[Tkinter-discuss] Debugging non-zero exit code

Michael Lange klappnase at web.de
Sat Feb 6 14:02:43 EST 2016


On Sat, 6 Feb 2016 18:43:07 +0200
Reinis Danne <rei4dan at gmail.com> wrote:

> Adding root.wm_protocol('WM_DELETE_WINDOW', root.quit) worked
> indeed, but only for the close button. It didn't work if I closed
> the window with Alt+F4 or File->Exit. On further inspection it
> already used WM_DELETE_WINDOW protocol in
> main.py::BKChem.initialize() like this:

That's odd, maybe the binding for Alt+F4 was overridden somewhere else
in the code? And doesn't File->Exit call the same _quit() procedure as
the one one linked to WM_DELETE_WINDOW?

> Calling destroy() at exit time feels like dealing with the issue
> with brute force instead of properly cleaning up when
> deactivating the widget.

destroy() itself does not end the application, only the Tk part.
This simple example may help to illustrate the difference between quit()
and destroy():

from Tkinter import *

def clean_up():
    print('Cleaning up.')
    return 0
root = Tk()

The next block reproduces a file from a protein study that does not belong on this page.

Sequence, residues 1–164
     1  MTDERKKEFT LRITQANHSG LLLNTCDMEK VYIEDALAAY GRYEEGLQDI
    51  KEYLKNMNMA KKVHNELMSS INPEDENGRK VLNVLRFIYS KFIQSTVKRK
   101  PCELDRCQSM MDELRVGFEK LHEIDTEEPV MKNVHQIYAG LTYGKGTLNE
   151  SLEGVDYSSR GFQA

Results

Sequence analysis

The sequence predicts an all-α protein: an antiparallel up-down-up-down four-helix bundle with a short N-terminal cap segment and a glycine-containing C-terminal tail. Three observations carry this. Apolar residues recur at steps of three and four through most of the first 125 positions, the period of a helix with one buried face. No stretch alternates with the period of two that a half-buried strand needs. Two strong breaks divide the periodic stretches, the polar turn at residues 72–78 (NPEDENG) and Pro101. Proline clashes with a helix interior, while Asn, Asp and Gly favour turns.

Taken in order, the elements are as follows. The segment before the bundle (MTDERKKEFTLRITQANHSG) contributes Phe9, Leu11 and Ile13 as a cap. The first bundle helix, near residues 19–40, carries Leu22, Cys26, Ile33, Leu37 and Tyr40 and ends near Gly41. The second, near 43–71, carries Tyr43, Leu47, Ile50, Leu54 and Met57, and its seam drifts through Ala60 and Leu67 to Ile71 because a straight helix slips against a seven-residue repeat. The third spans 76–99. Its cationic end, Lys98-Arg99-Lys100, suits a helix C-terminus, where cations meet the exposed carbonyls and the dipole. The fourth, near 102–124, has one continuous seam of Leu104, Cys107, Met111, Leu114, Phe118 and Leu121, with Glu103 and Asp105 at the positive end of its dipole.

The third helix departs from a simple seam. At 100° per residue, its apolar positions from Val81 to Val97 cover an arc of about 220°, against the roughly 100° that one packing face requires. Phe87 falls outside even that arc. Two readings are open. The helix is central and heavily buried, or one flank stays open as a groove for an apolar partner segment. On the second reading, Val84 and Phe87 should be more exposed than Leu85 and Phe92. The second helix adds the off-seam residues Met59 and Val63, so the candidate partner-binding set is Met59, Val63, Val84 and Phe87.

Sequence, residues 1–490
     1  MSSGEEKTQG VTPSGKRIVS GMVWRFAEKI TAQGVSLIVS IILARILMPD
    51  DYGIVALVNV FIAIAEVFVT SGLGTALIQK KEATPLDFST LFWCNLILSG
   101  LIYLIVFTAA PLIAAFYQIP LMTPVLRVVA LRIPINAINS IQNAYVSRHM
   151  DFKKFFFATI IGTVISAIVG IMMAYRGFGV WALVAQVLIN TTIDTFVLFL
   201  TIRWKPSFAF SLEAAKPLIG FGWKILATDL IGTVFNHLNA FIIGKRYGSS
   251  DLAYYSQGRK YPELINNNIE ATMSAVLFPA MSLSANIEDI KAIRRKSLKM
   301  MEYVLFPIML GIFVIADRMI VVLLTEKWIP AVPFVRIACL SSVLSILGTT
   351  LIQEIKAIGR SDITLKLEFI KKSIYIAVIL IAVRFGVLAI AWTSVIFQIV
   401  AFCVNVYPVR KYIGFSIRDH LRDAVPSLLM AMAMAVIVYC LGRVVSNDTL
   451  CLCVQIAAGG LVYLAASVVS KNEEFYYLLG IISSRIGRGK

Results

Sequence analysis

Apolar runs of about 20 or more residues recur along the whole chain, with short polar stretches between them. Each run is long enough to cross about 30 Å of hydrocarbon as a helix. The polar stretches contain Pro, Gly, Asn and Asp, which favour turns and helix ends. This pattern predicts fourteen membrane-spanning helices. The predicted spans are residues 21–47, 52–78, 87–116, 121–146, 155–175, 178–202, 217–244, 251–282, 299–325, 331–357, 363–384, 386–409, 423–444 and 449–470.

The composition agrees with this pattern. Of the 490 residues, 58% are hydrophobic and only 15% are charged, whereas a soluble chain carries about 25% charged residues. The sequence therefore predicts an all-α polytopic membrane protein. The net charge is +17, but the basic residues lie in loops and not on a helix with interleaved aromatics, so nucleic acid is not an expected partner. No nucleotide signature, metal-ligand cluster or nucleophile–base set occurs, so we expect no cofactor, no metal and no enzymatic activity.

root.wm_protocol('WM_DELETE_WINDOW', root.quit)
l = Label(root, text='foo')
l.pack(padx=100, pady=100)
exitcode = clean_up()

As you can see, after quit() is called, the Label widget can still be
accessed, which fails (and causes the app to crash) after destroy() was
called. You can also very well perform some clean up routine after
destroy() has been called, as long as it does not require Tk to still be
As far as sys.exit() is concerned, I think it should not be necessary to
use it unless you want to control your app's exit code. Using sys.exit()
to end the app rather seems to be "brute force" than destroy(). I have no
idea though why the window won't close without it. Does your app use
threads? Improper use of threads at least might explain all sorts of odd

Best regards


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